Ah, well. $3.50 spent on a couple of hours of spanking that made for some entertaining gifs? At least no butts were hurt in the process. And for what it’s worth, ten years on, I’m really sorry, [NAME REDACTED].
This week’s PSN sale may be fairly underwhelming, but those aren’t the only deals to be had on the PlayStation Store right now. Sony has kicked off a surprise PSN flash sale in the US, offering discounts on a ton of great titles for PS4, PS3, and Vita. But you’ll need to hurry, as the deals won’t be available for very long.
Ubisoft has announced how PvP play will look in The Division 2. There will be two forms of PvP multiplayer in the game–the first of which takes place in the game’s Dark Zones.
Similar to its predecessor’s Dark Zone, The Division 2’s three Dark Zones–of which there is an east, south, and west–are PvEvP areas where you can choose to take action against other players. In a blog post, Ubisoft explained how it has changed the way players will perceive you if you perform aggressive actions against others. There are three statuses you can hold if you attack other players in one of the Dark Zones.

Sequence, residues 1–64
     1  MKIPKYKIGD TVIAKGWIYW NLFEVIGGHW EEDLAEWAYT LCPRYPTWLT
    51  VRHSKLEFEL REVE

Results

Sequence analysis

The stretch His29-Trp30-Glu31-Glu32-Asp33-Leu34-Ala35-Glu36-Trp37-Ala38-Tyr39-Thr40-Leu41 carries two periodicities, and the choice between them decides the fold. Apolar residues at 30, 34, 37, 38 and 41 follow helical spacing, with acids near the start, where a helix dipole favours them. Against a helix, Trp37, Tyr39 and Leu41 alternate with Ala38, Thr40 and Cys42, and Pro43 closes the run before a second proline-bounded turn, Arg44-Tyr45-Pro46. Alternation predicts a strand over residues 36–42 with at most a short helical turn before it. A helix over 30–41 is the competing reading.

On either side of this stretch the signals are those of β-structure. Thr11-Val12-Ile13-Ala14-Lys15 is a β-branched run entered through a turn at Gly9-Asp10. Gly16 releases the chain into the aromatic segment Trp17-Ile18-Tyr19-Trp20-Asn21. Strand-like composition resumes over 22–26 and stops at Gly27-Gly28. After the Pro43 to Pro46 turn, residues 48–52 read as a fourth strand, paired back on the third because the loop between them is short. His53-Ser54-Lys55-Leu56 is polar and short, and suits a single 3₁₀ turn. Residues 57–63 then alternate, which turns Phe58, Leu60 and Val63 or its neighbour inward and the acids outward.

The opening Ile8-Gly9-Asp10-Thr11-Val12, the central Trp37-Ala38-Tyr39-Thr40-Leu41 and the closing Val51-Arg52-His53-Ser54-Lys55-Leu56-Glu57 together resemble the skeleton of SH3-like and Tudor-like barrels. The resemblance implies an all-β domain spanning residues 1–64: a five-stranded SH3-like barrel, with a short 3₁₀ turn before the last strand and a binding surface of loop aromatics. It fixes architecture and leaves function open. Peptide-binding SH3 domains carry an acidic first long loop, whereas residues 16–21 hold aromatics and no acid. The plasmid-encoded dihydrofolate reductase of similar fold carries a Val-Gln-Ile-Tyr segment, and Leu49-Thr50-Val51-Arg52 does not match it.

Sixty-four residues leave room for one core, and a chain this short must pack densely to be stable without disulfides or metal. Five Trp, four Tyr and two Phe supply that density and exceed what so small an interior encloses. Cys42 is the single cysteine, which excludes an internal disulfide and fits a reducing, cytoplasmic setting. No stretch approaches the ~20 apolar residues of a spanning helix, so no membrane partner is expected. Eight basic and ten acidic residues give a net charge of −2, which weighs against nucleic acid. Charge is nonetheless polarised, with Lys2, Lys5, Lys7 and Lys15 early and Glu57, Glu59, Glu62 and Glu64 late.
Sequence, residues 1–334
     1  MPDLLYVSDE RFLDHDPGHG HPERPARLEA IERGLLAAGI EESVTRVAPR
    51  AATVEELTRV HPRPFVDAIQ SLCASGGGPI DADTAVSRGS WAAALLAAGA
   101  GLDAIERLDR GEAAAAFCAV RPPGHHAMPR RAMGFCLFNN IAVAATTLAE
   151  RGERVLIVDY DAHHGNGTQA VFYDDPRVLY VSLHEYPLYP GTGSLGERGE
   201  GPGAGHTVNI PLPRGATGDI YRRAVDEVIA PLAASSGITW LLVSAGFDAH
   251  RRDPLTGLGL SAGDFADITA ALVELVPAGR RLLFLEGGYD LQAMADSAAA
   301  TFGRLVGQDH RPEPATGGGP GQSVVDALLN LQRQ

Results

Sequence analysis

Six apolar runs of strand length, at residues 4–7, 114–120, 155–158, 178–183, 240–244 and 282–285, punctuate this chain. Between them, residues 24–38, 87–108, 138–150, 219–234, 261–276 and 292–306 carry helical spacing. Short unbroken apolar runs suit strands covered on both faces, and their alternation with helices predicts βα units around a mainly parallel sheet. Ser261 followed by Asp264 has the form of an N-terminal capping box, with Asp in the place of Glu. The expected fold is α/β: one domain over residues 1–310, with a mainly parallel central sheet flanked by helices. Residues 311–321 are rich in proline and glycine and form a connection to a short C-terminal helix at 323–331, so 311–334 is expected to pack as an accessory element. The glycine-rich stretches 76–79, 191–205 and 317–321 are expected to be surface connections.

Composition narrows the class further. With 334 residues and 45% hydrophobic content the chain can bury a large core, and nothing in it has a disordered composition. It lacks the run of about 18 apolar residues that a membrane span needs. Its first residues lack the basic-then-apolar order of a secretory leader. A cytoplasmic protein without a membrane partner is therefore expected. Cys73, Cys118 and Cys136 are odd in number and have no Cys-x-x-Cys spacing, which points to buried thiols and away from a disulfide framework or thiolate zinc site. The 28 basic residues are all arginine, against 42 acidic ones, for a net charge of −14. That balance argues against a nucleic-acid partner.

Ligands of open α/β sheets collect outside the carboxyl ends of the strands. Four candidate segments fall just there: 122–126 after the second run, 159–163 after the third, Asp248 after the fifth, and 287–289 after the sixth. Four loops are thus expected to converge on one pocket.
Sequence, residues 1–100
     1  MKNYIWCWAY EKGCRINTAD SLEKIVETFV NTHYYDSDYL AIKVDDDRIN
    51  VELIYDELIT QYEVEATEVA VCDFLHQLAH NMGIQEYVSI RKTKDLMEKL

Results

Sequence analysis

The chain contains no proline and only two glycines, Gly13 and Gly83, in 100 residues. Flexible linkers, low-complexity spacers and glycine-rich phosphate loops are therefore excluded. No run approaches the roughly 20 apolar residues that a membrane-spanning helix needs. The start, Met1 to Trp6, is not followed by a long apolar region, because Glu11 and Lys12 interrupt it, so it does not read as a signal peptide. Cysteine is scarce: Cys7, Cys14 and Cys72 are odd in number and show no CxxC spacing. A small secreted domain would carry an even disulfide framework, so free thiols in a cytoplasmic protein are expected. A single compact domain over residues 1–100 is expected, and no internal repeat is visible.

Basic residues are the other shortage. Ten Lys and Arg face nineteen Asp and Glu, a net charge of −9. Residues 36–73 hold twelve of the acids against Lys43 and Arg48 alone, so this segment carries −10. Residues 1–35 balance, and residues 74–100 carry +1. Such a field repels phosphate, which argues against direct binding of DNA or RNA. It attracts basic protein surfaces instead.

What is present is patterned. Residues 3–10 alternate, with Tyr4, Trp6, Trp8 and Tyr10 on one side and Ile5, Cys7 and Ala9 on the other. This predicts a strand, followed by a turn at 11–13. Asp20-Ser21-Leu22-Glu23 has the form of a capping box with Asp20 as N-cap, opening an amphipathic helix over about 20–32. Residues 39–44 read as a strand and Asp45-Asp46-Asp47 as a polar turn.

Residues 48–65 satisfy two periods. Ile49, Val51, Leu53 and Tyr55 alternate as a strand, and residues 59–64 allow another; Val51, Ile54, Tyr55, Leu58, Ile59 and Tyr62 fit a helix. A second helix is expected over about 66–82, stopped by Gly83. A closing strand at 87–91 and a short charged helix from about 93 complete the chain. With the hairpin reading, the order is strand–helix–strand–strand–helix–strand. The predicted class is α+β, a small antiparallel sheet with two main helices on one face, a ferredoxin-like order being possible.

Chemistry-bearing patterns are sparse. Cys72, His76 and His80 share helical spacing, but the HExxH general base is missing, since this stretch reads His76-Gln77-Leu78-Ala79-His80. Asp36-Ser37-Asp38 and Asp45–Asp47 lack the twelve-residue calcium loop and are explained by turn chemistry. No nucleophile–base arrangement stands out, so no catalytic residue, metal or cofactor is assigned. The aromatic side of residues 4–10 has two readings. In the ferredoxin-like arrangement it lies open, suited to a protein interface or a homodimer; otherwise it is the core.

If you’re mostly performing aggressive, yet relatively harmless actions–such as stealing from other players or hijacking a supply drop–you’ll be labeled as a Rogue. As a Rogue, you can enter Thieves Den, which operates as a black market that randomly moves around the Dark Zones. Exiting the Den returns you to your normal state, but killing a player while Rogue will cause you to become Disavowed.